6 Ways to Handle It When A Client Changes Your Copywriting

Talk about frustrating.

You thought what you wrote showcased your best work ever. You expertly followed your client’s content marketing strategy. You chose good keyphrases.

You did everything right.

When you finished writing your SEO copywriting masterpiece, you could almost hear the harp music softly playing and feel the warm sunshine on your face. Your copy didn’t just sound good. It sung.

A week later, you see what the client actually uploaded. All of your tricky turn-of-phrases were gone. Your Title was changed from a compelling statement to a list of keyphrases. And your headline…you can’t even look at what they did to your headline.

You aren’t just mad.  You’re hurt. How could they destroy your copywriting baby like that?

Rule #1 of working with clients. They will change your writing, no matter how good you thought it was.

You’ve got to get over it.

At the same time, sometimes, clients make really bad copywriting decisions. Maybe it’s because the legal department got involved and sliced half of the copy. Or maybe, your client passed your copy along to five different people — and all of them had their own idea of how the content should read.

Should you cry? Rant? Keep your mouth shut? The challenge is — if you say nothing and the copy flops, the client may think the poorly-performing content is your fault. So you have to say something…but you have to do it the right way.

Here’s how to handle it.

– Leave your ego at the door.

Sure, it’s easy to get miffed when a client tweaks your SEO copywriting genius. But take a big step back before you send that nastygram. Did the changes mess with anything important (like the keyphrase usage.) Is the tone and feel consistent? Does the edited copy stick out like a sore thumb?

If there’s no real damage to your conversion strategy, keyphrase strategy or Title, it’s probably not a big deal (except, of course, to you.)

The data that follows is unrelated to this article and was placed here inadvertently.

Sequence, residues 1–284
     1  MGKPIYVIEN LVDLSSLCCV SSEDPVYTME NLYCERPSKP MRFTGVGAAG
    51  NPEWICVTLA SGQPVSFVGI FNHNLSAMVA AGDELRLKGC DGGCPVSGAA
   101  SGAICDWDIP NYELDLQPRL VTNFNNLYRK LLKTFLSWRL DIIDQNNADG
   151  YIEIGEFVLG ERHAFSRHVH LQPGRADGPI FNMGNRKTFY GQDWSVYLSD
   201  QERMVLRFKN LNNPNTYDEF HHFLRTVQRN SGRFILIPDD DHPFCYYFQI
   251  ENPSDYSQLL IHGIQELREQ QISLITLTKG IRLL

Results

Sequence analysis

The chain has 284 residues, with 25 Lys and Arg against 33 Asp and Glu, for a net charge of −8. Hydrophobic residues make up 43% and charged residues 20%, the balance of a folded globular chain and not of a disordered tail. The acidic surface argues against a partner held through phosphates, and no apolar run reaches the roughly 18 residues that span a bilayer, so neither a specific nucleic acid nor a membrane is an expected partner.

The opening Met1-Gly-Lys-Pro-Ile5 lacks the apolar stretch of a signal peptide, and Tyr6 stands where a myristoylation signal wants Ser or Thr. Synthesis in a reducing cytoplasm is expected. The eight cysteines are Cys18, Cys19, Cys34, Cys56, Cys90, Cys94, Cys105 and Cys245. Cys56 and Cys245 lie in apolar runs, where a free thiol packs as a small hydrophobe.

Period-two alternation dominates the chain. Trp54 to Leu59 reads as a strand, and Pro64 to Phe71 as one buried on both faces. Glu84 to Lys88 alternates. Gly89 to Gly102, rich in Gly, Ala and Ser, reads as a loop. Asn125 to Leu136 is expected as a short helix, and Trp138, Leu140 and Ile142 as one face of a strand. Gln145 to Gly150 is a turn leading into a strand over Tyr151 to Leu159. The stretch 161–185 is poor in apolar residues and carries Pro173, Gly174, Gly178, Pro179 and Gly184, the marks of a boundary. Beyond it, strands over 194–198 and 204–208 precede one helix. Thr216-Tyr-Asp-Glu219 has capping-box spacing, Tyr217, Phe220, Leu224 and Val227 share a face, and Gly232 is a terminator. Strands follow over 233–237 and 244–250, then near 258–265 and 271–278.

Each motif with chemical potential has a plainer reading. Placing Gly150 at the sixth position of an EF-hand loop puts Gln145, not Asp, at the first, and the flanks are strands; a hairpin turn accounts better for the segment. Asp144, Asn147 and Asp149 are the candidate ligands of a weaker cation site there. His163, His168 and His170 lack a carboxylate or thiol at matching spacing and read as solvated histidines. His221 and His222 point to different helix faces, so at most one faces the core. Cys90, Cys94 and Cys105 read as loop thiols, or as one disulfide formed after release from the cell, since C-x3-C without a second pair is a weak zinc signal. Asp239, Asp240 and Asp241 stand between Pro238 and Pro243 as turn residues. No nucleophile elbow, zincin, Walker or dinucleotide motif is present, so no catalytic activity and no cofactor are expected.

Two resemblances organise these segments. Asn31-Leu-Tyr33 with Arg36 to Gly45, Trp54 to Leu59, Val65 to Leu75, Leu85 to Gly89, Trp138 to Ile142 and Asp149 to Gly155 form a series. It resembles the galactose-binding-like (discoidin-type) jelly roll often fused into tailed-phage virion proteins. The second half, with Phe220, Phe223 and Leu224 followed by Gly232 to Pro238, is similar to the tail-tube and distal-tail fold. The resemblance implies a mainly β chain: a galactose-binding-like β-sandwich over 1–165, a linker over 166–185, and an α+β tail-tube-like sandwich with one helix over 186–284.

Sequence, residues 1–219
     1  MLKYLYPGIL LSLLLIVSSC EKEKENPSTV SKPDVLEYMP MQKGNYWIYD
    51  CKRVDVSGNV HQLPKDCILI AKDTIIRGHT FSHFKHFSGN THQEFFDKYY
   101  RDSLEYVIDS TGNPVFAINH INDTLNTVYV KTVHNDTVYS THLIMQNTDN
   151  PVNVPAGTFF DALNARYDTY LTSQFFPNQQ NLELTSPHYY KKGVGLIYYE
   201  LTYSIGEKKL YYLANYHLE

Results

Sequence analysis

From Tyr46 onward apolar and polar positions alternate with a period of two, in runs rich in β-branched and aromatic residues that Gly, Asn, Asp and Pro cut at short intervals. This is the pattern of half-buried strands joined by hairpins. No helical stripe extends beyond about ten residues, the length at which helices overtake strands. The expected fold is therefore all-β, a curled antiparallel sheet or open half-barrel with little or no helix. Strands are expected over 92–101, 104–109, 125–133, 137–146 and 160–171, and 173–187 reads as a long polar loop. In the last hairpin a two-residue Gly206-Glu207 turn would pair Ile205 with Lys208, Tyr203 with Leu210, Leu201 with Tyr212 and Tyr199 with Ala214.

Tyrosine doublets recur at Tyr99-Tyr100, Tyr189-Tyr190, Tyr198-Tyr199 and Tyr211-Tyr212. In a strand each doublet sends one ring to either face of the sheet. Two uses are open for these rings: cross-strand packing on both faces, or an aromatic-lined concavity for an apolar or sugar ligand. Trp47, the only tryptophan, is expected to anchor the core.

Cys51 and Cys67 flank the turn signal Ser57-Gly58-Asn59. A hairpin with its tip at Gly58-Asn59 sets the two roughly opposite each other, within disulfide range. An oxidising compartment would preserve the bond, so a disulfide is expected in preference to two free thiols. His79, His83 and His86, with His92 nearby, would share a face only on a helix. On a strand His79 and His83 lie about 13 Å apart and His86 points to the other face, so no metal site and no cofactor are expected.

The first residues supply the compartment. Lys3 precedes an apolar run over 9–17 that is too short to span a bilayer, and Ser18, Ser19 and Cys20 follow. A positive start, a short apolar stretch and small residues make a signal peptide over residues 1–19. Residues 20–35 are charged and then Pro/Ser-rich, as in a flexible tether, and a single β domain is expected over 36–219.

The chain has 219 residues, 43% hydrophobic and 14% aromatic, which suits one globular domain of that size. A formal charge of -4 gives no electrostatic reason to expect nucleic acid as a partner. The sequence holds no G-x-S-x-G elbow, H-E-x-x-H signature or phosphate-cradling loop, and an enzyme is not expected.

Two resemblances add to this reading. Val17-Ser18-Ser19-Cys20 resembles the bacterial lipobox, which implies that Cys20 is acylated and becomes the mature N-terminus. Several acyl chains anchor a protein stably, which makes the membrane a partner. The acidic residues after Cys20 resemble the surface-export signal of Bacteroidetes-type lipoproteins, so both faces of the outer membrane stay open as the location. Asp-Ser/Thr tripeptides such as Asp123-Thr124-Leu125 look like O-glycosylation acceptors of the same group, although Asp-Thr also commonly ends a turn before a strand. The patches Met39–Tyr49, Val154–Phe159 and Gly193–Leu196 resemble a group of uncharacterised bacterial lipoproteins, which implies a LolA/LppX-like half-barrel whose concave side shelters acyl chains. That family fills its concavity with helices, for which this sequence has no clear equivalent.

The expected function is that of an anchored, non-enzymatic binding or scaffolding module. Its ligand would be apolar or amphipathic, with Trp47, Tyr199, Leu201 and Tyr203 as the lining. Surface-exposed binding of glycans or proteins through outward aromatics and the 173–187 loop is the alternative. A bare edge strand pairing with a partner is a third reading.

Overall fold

–  Check-in with the client. 

It’s tempting to write your client a “WTF did you DO?” email. Very tempting. Don’t do it.

And don’t send any email until you are calm, cool and collected.

Once it’s safe to ping your client, try an approach like, “I noticed that you changed the Title. Can you help me understand why?” After all, there may have been a good reason your client did what she did (no matter how much their changes make you die a little inside.) If there wasn’t a good reason, and your client is shooting herself in the SEO (and/or copywriting) foot, it’s time to…

 – …Put your education hat on. 

Educating the client helps them make more informed decisions — and can often help them see the “SEO copywriting light.”

If your client added a bunch of nonsense paragraphs because their SEO told them to, point out exactly how the new copy could hinder conversions. If your Title was totally tweaked, help your client understand how Titles need to be keyphrase-rich, yes – but also compelling and clear.

Don’t forget to add links to articles and blog posts that echo your sentiments. That way, the client sees that multiple experts feel the same way you do — and it adds credence to your position.

If you’re not feeling 100% confident about educating your client, know that SEO Copywriting Certification students can get writing feedback and ask questions about client situations. Sometimes, it’s nice to have an expert in your back pocket.

 – Offer a compromise.

Can you see areas you could improve? Depending on the scope of work, it’s sometimes worthwhile to tweak the copy one more time, and merge the client’s changes with your original text. Sometimes, a little copy-massaging can go a long way — and the client will (hopefully) see the difference between their edits and your shining final product.  Or, if nothing else, you’ve made the page just a little bit better.

 – Try testing.